Filmed over the course of a year, The Met follows officers of Britain's biggest and busiest police service as they deal with life, death, crime and its victims, all across the capital.
In 2011, a 29-year-old black man and suspected gang member called Mark Duggan was fatally shot by a firearms officer in Tottenham. The officer believed Duggan had a gun and that he might use it. The Met's handling of the situation in the days that followed sparked some of the worst riots in London's history. An inquiry is about to announce whether the killing was lawful or unlawful. It's creating anxiety in Scotland Yard and tension on the streets of Tottenham, one of the most racially diverse areas of Britain and home to the Duggan family.
Management at Scotland Yard is busy planning around the verdict: whatever the outcome, they are anxious that it may spark fresh riots. Victor Olisa is one of just five borough commanders in the Met from a black or ethnic minority background. He was moved to Tottenham after the riots to try to heal the Met's relationship with some of the community. When the verdict is announced, his station becomes the focus of community frustrations and the pressure is on Victor to manage the situation, which he does by asking for help from community leaders.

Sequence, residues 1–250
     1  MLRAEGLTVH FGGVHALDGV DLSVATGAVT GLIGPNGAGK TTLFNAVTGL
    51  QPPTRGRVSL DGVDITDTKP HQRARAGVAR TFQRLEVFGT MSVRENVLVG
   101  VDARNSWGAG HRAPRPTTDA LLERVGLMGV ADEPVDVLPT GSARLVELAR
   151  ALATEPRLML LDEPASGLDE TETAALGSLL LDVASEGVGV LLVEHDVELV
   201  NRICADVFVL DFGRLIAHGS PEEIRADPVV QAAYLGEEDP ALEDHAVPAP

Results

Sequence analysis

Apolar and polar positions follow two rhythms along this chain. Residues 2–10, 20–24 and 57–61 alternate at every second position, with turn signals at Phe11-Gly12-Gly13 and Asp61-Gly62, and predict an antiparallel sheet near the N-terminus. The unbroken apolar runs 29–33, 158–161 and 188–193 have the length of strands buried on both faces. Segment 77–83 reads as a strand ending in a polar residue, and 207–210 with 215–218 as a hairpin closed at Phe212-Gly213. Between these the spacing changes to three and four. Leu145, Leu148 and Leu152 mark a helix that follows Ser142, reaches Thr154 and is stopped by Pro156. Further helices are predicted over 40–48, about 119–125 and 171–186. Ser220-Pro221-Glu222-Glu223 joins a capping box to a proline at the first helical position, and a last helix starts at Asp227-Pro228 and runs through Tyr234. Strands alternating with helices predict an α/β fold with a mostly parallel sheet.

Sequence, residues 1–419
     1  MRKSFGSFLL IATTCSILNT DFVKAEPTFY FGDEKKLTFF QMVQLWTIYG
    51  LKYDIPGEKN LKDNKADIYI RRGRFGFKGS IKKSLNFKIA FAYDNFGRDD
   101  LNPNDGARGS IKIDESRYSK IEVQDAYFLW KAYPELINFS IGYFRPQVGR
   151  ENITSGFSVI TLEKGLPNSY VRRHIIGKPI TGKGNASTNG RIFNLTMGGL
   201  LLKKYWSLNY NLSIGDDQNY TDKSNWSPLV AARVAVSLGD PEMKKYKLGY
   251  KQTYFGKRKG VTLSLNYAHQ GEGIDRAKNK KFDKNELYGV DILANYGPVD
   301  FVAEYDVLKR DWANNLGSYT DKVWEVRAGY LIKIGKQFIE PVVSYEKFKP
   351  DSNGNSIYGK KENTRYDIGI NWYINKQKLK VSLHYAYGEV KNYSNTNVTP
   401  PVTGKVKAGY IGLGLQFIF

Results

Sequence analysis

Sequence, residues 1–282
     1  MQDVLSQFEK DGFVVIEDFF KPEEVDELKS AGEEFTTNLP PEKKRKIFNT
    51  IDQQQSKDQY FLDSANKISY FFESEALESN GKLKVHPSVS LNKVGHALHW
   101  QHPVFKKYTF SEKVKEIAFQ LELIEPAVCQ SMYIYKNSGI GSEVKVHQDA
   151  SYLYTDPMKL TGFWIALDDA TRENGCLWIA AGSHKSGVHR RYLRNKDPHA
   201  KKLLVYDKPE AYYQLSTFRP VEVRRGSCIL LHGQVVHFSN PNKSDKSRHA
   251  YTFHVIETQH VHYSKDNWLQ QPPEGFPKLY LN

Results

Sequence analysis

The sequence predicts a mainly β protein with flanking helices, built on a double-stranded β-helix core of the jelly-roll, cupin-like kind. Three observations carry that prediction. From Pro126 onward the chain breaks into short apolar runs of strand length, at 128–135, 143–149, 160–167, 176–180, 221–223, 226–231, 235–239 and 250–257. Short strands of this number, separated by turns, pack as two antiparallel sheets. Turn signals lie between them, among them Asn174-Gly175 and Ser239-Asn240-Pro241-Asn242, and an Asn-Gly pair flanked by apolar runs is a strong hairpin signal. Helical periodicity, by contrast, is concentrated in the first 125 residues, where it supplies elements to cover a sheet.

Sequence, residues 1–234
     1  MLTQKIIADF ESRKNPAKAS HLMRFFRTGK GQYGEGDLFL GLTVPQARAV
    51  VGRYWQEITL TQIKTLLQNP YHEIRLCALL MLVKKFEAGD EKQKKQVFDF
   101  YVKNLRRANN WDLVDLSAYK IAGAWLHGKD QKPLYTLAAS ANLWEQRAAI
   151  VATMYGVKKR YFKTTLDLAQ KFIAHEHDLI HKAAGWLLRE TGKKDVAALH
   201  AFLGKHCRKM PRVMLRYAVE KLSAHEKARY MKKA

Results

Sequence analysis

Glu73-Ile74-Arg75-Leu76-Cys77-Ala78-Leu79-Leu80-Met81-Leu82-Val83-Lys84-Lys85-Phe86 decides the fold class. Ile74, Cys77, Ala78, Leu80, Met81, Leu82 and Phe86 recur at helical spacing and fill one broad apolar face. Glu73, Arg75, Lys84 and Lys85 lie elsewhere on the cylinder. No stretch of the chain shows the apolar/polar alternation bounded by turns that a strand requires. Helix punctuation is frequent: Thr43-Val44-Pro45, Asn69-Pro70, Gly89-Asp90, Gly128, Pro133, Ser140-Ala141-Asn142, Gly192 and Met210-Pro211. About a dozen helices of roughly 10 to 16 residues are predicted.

In the weeks that follow, tensions between some of London's black community and the Met are running high. Police think it's time for a new approach. At the annual Splash street party in Brixton, they work with the black community to police the event the way the community wants it policed. But can this approach work when gangs have caused chaos in previous years? And can there ever be a long-term solution to the troubled history of London's police and some of the city's black community?
This episode is part of The Open University's/BBC's co-production The Met: Policing London. You can view more information on the series and episode guides here.